A Jacksonville high school Marine Corps Junior ROTC cadet has received a prestigious award for his hard work ethic and leadership skills in the classroom and the community.
JROTC Cadet Lt. Col. Gregory Hill, a senior, has been with the program his entire four years at Jean Ribault High School.
The well-respected student was selected as 2017-2018 Legion of Valor Bronze Cross for Achievement recipient for Region two. The region covers the southeastern part of the country.
Hill at first didn’t want to be a part of the Junior ROTC. His brother had already done that.
But Ribault put the Junior ROTC class on his schedule. He tried to switch classes with his mother’s help but it didn’t work out. That left him stuck. But that feeling of being stuck, wouldn’t remain for long, after his first day full of the typical picture of what ROTC is portrayed to be.
“What really kept me going, I was fascinated of that. You know this isn’t so bad. I can do this,” Hill said. “And as we got more into the basics of leadership and just different things, and being a part of something that is bigger than myself.”
Hill began to see the program as a chance he couldn’t pass up to hone in on his leadership skills in Junior ROTC and the classroom.
For Hill, some of his favorite memories include his second promotion. He became a Cadet Lance Corporal, which has propelled him to this point and left him with this reflection.
“You know, I was in really good standing to be an outstanding leader in this program and in my school and in my community.”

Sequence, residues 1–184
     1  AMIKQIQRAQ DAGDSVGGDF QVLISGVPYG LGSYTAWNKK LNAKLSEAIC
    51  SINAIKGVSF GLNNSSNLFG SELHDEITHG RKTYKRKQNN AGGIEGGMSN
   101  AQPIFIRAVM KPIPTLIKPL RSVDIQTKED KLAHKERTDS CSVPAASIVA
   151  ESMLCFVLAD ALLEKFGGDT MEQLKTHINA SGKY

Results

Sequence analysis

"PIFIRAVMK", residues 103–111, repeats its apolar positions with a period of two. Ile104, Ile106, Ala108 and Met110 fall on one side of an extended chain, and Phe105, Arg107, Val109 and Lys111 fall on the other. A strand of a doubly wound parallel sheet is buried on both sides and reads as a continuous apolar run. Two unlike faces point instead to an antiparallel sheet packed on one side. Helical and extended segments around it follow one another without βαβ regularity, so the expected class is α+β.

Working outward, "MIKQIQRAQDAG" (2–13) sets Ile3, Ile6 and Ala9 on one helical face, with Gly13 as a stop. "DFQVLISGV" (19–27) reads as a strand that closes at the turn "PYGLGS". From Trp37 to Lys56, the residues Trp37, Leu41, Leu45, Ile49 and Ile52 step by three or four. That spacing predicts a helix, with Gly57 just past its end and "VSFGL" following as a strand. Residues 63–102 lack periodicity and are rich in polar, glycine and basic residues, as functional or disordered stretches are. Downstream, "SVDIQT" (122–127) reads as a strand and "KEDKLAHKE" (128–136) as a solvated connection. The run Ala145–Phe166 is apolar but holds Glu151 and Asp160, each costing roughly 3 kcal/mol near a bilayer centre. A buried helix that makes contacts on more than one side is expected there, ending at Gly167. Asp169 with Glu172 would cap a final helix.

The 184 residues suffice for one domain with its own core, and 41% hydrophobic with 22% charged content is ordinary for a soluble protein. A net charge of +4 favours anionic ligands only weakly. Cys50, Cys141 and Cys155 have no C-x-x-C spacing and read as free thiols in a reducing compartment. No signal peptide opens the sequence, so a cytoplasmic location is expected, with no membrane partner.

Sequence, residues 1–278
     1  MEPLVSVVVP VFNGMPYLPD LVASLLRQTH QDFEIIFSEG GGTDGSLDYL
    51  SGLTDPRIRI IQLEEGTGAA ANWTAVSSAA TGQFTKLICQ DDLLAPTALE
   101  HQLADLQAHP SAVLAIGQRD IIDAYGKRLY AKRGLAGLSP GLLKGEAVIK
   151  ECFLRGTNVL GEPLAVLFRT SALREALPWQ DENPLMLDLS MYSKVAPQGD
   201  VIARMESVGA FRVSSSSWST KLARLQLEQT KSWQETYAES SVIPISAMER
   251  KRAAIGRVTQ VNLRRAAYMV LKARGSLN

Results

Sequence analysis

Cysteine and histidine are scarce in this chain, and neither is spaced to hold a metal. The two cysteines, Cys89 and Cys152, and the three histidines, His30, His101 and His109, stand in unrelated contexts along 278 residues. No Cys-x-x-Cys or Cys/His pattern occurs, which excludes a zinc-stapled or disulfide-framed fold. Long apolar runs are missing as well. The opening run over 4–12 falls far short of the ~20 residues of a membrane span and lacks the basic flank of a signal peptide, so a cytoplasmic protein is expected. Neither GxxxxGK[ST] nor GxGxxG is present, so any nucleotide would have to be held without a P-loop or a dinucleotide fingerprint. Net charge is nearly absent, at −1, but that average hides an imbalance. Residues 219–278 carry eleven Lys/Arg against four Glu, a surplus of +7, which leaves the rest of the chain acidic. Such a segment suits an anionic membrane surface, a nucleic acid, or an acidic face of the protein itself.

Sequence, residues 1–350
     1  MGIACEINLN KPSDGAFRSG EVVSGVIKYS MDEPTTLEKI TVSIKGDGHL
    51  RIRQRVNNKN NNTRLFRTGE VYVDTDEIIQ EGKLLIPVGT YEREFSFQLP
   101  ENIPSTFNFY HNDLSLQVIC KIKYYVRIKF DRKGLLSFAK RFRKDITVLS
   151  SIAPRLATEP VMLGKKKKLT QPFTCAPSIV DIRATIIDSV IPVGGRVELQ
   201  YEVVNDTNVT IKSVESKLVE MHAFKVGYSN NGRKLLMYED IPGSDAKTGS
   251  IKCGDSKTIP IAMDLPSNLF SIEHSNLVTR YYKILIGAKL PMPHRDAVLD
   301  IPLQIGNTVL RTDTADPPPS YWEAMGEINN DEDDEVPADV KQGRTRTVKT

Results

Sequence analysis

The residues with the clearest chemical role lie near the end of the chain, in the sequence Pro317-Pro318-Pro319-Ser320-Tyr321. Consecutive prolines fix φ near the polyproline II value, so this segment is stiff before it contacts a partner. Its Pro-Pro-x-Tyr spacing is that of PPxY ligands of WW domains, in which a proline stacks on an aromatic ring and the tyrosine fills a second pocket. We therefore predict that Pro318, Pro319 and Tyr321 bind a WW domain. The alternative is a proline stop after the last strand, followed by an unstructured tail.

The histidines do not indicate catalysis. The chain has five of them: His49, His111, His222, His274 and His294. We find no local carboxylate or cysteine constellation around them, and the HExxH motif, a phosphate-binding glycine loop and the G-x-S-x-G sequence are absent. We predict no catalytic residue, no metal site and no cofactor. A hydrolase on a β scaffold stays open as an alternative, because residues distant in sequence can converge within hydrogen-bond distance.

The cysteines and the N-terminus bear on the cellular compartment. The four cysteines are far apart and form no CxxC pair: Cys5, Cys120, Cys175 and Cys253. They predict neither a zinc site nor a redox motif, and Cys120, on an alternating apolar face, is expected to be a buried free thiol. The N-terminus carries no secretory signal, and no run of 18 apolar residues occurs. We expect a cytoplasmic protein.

An application was sent in by his senior instructor that demonstrated Hill’s leadership presence and academic pursuits before the start of senior year. He also received four recommendation letters that included his principal and a judge.
The Legion of Valor Bronze Cross for Achievement is presented to only one cadet for each region.
Hill was humbled by the recognition and didn’t see the honor coming at first, because of the large amount of possible candidates working in his region.
“Out of 55 schools and 7,000 cadets I know there’s a lot of people you know work really hard and have done amazing things in their programs,” Hill said.
Major Alan Crouch, United States Marine Corps retired, has watched Hill move through the program as a cadet. Crouch said Hill takes on tasks with passion that can be seen as an example to others.
“He’s very dependable, very trainable, he learn things that you teach him and then he turns around and is able to help teach that to the newer cadets” Crouch said.
The senior isn’t just active in the Junior ROTC. He’s also a member of the National Honor Society, has been in student government, and other scholastic driven activities.
Hill balances school work, ROTC and other outside activities with the attitude of giving it all he’s got.
Hill said it’s not easy but adds if you’re not challenged then you’re not growing.
Hill sees the award as more than just something to pin on his uniform.
“This award isn’t just for me or the ROTC program, I think it [is] for Ribault and our community as a whole,” Hill said.
After high school, Hill plans on going to college and study in a science field such as biology or veterinary medicine.
“Ultimately, I definitely think that if the military is an option it will be after college,” Hill said.
Joslyn Simmons can be reached at firstname.lastname@example.org, 904-358-6316.